Child-related tax exemptions and credits: the basics
Tax exemptions should be considered when making child custody and support arrangements.
When a couple divorces, they have many decisions to make and much information to consider. They need to decide, among other things, who will get custody of the children, who will stay in the marital home, how assets and debts will be divided, and whether any spousal support/alimony is appropriate. With all these issues to consider, one important issue – that could have significant financial ramifications for years to come – could be forgotten: what to do about child-related federal tax exemptions and credits. These exemptions decrease the amount of your income that is subject to tax, which reduces the taxes you owe.
Dependency tax exemption
One of the most important tax exemptions is known as the “dependency tax exemption,” and is available to parents who provide support for their children. The dependency tax exemption for 2016 allows parents to exempt up to $3,950 from their overall taxable income for each qualifying child. The amount of the exemption can be reduced or eliminated depending on the parent’s income, however.
In situations where parents are divorced or separated for at least six months out of a calendar year, only one parent can seek the exemption for a qualifying child. Dependency tax exemptions are not explicitly custody-specific, meaning that the parent doesn’t need to prove that he or she is the parent designated as sole managing conservator or that he or she is the parent who designates the primary residence of the child. In fact, the United States Code says:
If the parents claiming any qualifying child do not file a joint return together, such child shall be treated as the qualifying child of –
(i) the parent with whom the child resided for the longest period of time during the taxable year,
(ii) if the child resides with both parents for the same amount of time during such taxable year, the parent with the highest adjusted gross income. (26 U.S. Code § 152(B))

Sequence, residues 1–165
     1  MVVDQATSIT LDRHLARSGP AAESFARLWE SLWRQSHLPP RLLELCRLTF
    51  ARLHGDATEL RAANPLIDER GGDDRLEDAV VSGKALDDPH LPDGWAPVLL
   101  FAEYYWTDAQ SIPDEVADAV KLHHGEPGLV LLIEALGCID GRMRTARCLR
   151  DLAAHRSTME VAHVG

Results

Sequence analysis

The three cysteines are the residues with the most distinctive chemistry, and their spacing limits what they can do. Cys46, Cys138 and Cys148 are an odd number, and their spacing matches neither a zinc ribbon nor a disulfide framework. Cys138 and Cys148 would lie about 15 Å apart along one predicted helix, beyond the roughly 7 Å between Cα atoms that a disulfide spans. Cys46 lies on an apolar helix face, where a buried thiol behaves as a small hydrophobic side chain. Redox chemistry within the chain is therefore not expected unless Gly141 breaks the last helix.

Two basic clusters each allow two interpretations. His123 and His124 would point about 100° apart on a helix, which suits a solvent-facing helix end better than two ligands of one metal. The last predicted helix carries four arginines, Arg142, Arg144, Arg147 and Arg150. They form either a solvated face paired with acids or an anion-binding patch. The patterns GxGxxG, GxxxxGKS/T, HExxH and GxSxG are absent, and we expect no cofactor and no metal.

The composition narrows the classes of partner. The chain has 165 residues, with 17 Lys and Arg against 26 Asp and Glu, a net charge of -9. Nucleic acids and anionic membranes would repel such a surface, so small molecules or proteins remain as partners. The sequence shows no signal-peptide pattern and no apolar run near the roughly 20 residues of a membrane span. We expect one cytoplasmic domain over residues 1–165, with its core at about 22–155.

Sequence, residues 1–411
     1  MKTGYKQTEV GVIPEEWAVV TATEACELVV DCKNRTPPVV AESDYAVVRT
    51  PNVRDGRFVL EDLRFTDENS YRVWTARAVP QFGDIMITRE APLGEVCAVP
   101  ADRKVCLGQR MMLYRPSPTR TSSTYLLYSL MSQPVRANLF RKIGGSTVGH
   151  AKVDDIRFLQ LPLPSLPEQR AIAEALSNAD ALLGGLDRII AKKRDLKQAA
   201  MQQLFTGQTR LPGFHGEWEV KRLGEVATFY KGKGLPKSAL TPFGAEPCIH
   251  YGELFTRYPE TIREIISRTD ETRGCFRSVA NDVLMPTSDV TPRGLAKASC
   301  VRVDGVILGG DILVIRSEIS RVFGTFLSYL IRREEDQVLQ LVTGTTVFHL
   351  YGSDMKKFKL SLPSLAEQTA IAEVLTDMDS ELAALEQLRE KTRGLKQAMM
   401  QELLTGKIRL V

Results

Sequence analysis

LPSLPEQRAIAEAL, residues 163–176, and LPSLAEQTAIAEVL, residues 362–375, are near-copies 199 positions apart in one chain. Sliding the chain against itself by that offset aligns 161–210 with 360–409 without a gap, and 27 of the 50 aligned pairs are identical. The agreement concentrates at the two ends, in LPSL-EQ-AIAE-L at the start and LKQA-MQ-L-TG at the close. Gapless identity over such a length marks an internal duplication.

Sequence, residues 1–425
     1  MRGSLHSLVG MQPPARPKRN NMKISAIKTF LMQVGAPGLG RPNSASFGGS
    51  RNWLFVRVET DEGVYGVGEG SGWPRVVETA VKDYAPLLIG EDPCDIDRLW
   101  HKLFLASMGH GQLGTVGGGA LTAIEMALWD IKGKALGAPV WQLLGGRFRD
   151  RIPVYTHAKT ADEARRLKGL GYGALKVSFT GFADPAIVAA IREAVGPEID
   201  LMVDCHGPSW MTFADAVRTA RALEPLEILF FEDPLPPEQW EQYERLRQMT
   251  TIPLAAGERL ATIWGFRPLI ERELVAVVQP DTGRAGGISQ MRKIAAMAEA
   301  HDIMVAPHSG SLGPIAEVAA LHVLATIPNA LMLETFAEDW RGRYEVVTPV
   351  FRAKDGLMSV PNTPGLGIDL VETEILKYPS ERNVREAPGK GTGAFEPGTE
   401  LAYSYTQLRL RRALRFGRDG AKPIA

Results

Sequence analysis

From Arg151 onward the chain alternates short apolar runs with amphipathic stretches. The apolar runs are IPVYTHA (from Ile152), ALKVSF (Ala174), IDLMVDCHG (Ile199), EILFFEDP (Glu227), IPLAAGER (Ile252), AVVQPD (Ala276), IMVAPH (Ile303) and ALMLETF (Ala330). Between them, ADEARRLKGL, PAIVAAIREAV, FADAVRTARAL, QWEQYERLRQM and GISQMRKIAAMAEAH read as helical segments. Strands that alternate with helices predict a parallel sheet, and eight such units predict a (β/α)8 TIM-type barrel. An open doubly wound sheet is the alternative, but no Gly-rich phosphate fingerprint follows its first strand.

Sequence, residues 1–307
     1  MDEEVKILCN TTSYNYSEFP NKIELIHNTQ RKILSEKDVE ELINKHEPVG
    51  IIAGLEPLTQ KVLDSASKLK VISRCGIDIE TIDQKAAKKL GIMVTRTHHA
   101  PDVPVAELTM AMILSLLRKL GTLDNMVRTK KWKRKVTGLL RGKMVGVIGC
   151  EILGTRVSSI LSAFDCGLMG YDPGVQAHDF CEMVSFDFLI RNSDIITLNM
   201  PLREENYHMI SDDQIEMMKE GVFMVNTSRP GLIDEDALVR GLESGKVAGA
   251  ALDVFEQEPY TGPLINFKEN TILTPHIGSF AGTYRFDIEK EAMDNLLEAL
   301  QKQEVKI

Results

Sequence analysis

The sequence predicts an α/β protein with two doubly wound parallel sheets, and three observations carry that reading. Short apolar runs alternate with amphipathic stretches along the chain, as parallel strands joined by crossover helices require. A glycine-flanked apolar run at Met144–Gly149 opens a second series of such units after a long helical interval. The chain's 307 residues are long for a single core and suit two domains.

The Code also makes it possible for parents to mutually decide, as part of their divorce decree, that the exemptions alternate from year-to-year or on a set schedule. If a non-custodial parent is claiming the exemption, however, the Internal Revenue Service does require that written documentation, preferably Form 8332, be submitted.
Form 8832 allows the custodial parent to assign the exemption to a non-custodial parent for the current tax year, all future years, a certain number of years or to revoke assignation of the exemption. Though it does represent an additional step in the tax filing process for the non-custodial parent, this could help the parents avoid an audit down the road and prevent accidentally double-claiming the child on two different tax returns.
Earned income tax credit (EITC) and other credits
The EITC is both a residency-specific and income-specific tax credit that allows parents who have primary physical custody of their children to get a variable credit depending on the number of children they support. Only the parent with primary physical custody can claim the EITC. There are also income limits applicable to the EITC, so not all parents are eligible. Unlike the dependency tax exemption, the EITC is not transferable from the custodial parent to the non-custodial parent; the only way to shift who gets to appropriately claim the EITC is to shift primary custody from one parent to the other.
There could also be, depending on the situation, other tax credits or exemptions available for divorced parents, including the dependent care credit (which allows parents to deduct up to $3,000 per child in qualified child care expenses incurred while the parent was working or looking for work).
Tax exemptions, credits and deductions can have a huge financial impact for you following a divorce, both immediately and for years into the future. Whether you are getting divorced or you are interested in modifying an existing divorce decree, you should carefully consider the tax implications of your decisions. For more information about the interplay of divorce and taxes, speak with experienced family law attorney Mysti Murphy. Call her San Antonio law office locally at 210-807-8227 or toll free at 866-986-7807, or send an email today.